Haven't read any other response.
I'm an adopted parent as well.
My oldest son came to us when he was four months old. In those days you could still adopt through a county agency. The rules though were that you didn't get to know anything about the birth parents.
My son's foster mother did, however, grace us with a number of photos of him from the time of his birth to the time she had to give him up. Among those phtos were a few taken at his birth upon which was written the Birth Mother's last name. So...we figured out who his Birth Mother was,
We decided that rather than ever making it some momentous occassion when we announed he was adopted that we would try and make it a matter of fact.
When my wife became pregnant with our daughter, my son asked if he to had been in Mommy's belly. We explained, as matter of factly as we could, that no he wasn't but we got to pick him to be our child.
It's never been an issue (as far as we know) and my wife asked him a number of times since he was a teenager (he's now 32) if he wanted us to help him find his birth parents. His answer was always no.
Who knows how it has affected him. but if it has it's nothing which one could easily attribute to his birth status. So, I think we had the right idea. Whether or not it would work for everyone is far beyond me.
Your situation is a good bit different, but ultimately the same. Your son has to reconcile the notion of "real" parents with the only parents he has ever known.
This is, obviously, tough for a 13 year old kid who is all about his identity as a person (Thank your lucky stars that Mo isn't a girl though, because they, for whatever reason, have a much tougher times with this).
You can't (reasonably) prevent him from meeting his birth father, but, if you can, it makes all the sense in the world to meet with the guy before Mo does. Having said this, there is no assurance that that he will be on the same page as you. He gave up his kid. Sometimes this is a decision based on what is right for the baby, but often it is not. It wouldn't be unheard of for him to make some stupid move to make Mo his "buddy," and an authority figure who never tells him No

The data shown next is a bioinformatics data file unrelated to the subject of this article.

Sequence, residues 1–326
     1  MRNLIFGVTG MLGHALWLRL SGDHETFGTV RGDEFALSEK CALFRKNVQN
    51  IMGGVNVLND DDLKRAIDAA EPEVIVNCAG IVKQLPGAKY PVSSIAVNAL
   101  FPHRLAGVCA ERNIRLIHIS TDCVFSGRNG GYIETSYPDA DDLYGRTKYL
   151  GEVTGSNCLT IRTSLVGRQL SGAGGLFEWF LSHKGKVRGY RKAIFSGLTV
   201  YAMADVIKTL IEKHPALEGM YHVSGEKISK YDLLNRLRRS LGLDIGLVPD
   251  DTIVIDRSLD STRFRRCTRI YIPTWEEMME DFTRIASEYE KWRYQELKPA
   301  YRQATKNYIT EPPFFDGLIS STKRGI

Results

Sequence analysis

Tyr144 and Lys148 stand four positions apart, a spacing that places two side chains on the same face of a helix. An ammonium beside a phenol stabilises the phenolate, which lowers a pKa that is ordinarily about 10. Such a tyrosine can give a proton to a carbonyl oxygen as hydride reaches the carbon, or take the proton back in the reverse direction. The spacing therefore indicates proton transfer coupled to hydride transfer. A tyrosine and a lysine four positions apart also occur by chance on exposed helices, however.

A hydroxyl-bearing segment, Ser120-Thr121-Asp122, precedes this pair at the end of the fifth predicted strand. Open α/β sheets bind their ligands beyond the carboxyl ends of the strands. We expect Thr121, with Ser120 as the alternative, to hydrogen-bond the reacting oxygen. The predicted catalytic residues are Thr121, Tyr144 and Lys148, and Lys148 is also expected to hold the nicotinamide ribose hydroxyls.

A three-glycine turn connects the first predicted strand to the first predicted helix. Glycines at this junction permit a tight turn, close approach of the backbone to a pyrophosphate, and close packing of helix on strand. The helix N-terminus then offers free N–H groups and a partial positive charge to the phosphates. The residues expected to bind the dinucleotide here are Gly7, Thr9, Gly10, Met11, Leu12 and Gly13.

In the end the value of your love for Mo will rule the day. He's a teenager and all teenagers are crazy and so the next few years may be difficult, but if he was a product of your womb the same could be said.
I recall my son (around age 13) telling my wife that he couldn't tell her what to do because she wasn't his "real" mother. Her reply: "Well I'm the only mother you have and so you have to listen to me."
Kids will try whatever leverage they think they have to get what they want. It really is important that you don't allow any doubt or angst you may have to permit them success. You are his mother
and your husband is his father
Anyone who frequents this forum will recognize how much you love your son. He knows it too. Rely on it, and don't try too hard around this subject.
Don't shrink, for whatever reason, from the fact that you have been there as his mother for all of these years. Let him him see what he doesn't miss and you will be there when he comes back.
Don't, under any circumstances, try to compete with a "do what ever you want" birth-father who wasn't there when Mo needed him.
All the best.